Auckland Medical Historical Society
Society program for 2008
President's report 2008 - 2009 Annual Meeting
Current Meeting Details - Annual Meeting
Previous Meeting Details
Jack Lovelock, Athlete and Doctor Graeme Woodfield
Snake Oil Medicine David Cole
Royal College of Surgeons Museum, London
The statue of John Hunter, 1728-1793, founder of the Hunterian surgical musem, sits prominently in the Royal College of Surgeon's, London. Cross your eyes to see Hunter in three dimensions.
(Stereoscopic photograph by John Wattie. Click on the image for larger sizes)
Photograph by Sgt. James G. Jackson (New Zealand) on 12 May 1915.
Lt. Richard Alexander "Dick" Henderson, New Zealand Medical Corps, carrying a wounded soldier on a donkey during the Battle of Gallipoli. It was used by New Zealand artist Horace Moore-Jones as the basis of a 1917 painting, "The Man With the Donkey. It was dedicated "to the memory of our hero comrade 'Murphy' (Simpson) killed May 1915".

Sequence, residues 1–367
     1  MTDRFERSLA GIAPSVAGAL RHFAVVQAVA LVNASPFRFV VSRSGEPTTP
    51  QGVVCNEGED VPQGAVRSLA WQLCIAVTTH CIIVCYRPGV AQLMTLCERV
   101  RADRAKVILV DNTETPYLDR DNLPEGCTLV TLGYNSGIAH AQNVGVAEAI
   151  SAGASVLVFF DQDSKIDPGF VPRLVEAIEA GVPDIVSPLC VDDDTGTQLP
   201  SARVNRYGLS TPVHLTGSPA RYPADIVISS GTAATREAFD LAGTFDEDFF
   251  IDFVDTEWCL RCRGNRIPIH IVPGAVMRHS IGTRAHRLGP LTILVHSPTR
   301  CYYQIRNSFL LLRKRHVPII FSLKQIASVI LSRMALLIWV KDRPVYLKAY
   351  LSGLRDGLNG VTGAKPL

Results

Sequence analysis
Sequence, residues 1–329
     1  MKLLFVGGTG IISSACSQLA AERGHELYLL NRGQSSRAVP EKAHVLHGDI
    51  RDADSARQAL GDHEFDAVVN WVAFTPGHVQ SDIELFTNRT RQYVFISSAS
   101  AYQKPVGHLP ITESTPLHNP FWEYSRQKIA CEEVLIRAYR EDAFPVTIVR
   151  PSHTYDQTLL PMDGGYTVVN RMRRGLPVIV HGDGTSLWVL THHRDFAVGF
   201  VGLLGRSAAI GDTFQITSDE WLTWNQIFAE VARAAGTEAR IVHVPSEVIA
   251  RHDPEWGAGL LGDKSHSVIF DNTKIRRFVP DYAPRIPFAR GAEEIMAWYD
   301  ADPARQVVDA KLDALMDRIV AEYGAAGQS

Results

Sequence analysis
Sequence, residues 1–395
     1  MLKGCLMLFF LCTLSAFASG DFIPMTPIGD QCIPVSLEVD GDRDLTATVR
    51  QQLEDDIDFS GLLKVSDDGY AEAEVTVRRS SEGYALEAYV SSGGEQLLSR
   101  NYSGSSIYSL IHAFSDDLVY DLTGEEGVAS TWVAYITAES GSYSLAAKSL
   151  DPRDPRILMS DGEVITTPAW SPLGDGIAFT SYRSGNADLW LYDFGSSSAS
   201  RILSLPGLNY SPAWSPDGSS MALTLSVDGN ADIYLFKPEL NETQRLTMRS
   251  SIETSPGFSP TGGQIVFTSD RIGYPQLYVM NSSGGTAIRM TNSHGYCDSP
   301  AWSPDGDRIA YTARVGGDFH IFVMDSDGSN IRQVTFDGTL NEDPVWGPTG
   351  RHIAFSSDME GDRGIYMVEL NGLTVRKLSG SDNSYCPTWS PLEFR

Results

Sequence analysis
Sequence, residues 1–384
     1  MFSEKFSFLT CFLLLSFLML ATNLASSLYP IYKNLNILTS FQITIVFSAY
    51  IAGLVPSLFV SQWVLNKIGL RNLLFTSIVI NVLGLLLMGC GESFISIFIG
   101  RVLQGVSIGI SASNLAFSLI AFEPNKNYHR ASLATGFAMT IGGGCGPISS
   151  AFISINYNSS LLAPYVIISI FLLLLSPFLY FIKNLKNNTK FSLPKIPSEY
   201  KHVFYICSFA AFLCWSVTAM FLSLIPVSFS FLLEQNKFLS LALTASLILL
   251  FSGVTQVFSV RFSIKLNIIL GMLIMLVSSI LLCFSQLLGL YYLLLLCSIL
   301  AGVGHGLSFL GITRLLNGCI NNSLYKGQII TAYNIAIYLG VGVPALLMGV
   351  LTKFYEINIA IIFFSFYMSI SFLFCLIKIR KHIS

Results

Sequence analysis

Murphy was the donkey, originally used by the Australian, John Simpson Kirkpatrick, to rescue injured soldiers while under fire. Simpson had earlier lead donkey's carrying children on a beach in England. "The man with the donk" was killed by machine gun fire, but Lt. Henderson took over his donkey and managed to survive Gallipoli. Back in New Zealand, working as a teacher, Henderson became blind and sick, because of poison gas inhaled in 1917 at Passchendaele, France. He died in Green Lane Hospital, aged 63, on November 14, 1958.
Moore-Jones the artist was also a hero, who died from burns in 1922 after rescuing people from a Hamilton hotel fire.
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